When people are injured in California while they are lawfully visiting the premises of others, the property owners or operators may be liable to pay damages. However, the property owners or operators must have known or reasonably should have known about the existence of the hazardous condition. In Jones v. Awad, Cal. Ct. App. No. F077359, the court considered whether a homeowner could be liable for a step that did not meet city building codes when the homeowner had purchased the home after it had been built.
Factual and procedural background of the case
Theresa Jones visited Clyde and Julia Awad’s home in Dec. 2014. While she was there, she left the home through a door to the garage. Outside the door, there was one step that she had to take before she got to the floor of the garage. The step had a piece of carpet attached to it, and there was a welcome mat placed on top of the carpet. As Jones stepped down onto the step, she slipped and fell, injuring her wrist and humerus. Jones said that when she stepped on the rug, it felt like there wasn’t anything underneath it. She said that she believed that it must have slipped, causing her to fall. The Awads’s son was in the garage at the time of Jones’s fall. He testified that he did not see her fall but that the welcome mat was not easily moved and that it was still in its normal position after Jones’s fall.
After her fall, Jones filed a lawsuit against Julia and Clyde Awad. The only claim that she alleged against the couple was a single count of personal injury involving premises liability. The defendants filed a motion for summary judgment in Sept. 2017 on the basis that Jones could not establish an element of her premises liability claim. In their motion, they argued that the step was open and obvious, the defendants did not have any actual or constructive notice that the step was unreasonably dangerous, and the plaintiff was unable to prove causation. The plaintiff subsequently filed an opposition to the motion, arguing that expert testimony by William Neumann showed that the step violated several building codes, which made it unreasonably dangerous and caused her injuries. The defendants filed a reply in which they restated their arguments.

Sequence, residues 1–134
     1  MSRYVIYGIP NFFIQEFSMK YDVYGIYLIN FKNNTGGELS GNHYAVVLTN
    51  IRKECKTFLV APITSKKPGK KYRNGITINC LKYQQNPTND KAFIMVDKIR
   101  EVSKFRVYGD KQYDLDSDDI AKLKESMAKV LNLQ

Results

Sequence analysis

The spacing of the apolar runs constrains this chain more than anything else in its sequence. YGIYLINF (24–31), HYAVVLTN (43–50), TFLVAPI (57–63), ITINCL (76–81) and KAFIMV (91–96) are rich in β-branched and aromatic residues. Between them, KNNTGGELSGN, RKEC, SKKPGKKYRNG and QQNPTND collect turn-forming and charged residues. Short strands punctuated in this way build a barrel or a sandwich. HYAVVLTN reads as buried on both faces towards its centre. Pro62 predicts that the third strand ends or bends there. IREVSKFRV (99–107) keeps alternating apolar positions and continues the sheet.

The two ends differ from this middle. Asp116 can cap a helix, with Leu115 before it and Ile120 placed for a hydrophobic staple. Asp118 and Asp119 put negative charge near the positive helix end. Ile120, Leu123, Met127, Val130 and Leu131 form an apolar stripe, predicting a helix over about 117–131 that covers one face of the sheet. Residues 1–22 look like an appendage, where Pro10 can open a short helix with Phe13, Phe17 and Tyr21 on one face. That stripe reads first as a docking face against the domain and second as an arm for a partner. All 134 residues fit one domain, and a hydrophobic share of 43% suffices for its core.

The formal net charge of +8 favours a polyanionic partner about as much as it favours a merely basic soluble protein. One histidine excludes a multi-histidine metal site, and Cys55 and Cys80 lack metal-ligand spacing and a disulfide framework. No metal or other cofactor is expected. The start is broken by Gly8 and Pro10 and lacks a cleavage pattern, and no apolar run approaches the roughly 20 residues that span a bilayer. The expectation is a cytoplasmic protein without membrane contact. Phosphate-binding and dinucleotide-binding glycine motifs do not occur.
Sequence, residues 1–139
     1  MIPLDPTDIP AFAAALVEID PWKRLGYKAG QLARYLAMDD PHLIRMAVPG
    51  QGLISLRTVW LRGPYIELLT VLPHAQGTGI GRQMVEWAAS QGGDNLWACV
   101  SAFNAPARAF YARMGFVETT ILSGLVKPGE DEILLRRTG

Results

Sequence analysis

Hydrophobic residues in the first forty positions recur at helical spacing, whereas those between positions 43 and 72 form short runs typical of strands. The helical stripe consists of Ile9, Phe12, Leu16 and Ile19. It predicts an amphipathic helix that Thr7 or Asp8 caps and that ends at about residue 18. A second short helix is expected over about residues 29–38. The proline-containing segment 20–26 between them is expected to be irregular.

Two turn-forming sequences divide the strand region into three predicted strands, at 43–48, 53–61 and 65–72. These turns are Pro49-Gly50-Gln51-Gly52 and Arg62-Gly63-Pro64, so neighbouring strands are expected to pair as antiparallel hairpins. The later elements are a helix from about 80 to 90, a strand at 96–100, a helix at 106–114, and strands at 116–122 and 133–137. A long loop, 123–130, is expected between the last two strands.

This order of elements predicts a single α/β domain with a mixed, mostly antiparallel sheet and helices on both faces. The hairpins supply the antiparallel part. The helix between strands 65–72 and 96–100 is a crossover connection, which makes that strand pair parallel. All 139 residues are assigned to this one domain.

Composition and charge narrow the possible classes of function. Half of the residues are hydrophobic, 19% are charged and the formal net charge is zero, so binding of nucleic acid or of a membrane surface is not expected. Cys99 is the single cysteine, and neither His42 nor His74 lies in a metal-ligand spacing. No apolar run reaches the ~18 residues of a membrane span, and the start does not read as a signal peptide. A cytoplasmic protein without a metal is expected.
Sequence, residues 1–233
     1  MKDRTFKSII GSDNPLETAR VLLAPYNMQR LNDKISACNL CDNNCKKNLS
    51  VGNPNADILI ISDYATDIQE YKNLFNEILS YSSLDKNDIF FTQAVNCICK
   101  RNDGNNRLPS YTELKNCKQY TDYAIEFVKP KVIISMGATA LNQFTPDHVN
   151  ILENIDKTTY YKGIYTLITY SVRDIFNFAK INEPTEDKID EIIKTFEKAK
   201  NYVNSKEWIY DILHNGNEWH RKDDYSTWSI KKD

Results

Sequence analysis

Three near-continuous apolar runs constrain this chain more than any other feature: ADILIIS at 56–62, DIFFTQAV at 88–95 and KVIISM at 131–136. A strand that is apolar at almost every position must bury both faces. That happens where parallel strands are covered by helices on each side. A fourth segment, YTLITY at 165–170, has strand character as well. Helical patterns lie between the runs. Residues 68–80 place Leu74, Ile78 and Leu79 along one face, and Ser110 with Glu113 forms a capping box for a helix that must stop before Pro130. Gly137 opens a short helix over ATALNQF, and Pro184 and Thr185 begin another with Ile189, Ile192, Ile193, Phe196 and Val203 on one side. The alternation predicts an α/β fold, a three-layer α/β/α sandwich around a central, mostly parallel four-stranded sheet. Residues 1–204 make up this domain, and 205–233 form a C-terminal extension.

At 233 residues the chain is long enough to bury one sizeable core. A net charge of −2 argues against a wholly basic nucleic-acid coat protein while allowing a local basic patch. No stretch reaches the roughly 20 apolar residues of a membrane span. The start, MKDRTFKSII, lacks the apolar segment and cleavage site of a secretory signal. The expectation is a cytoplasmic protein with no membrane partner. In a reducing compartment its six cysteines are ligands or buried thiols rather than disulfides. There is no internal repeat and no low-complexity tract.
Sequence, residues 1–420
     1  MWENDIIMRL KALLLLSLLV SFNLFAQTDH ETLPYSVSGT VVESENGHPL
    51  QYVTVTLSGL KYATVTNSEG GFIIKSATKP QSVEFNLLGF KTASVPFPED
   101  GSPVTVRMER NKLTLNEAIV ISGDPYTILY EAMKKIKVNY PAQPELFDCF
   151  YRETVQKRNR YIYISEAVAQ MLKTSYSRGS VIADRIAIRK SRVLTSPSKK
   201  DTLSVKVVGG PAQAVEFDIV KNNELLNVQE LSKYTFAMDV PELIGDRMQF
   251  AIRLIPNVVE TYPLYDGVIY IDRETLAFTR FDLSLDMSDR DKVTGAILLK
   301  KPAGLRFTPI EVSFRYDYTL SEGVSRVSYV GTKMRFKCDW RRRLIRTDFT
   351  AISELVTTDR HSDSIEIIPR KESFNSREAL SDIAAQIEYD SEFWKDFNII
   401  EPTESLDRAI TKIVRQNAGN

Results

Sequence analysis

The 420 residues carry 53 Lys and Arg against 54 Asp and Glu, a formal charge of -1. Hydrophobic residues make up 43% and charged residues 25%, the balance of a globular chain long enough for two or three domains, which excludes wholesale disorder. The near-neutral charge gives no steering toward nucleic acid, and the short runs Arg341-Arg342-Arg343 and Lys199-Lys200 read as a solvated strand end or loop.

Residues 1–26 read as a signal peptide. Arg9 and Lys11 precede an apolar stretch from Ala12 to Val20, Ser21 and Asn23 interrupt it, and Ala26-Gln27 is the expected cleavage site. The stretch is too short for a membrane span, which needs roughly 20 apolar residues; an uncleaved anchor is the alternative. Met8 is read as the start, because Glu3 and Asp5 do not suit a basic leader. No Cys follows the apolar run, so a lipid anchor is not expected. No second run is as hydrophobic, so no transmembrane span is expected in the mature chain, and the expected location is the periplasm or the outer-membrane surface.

The court issued a tentative ruling on the motion for summary judgment on Dec. 7, 2017. In the ruling, the judge tentatively granted the motion for summary judgment. On Dec. 8, 2017, the court held a hearing. The plaintiff then asserted negligence per se for the first time based on the building code violations. The court then ordered a hearing about whether building code violations could form the basis of negligence per se. The defendants then filed a rebuttal in which they cited authorities. They argued that negligence per se had not been presented in the pleadings and building code violations could not form the basis of negligence per se. The plaintiff filed arguments citing cases in which building code violations had been used to establish negligence per se.
The court issued an order granting the motion for summary judgment in Feb. 2018. In its order, the court found that there was not a breach of duty as a matter of law. It also found that the building code violations did not provide the basis for a claim of negligence per se since the homeowners did not build the home or hire the contractor who made the stair. Jones filed an appeal of the trial court’s ruling.
Issue: Whether the building code violations provided the homeowners with constructive notice that the step was dangerous, which caused Jones’s fall?
The plaintiff filed an appeal and argued that the trial court should not have granted the defendants’ motion for summary judgment. She argued that there was a triable issue of material fact regarding constructive notice of the dangerous condition of the step since it violated multiple building codes. The defendants argued that the building code violations did not provide them with constructive notice and that they had no actual or constructive knowledge that the step was dangerous.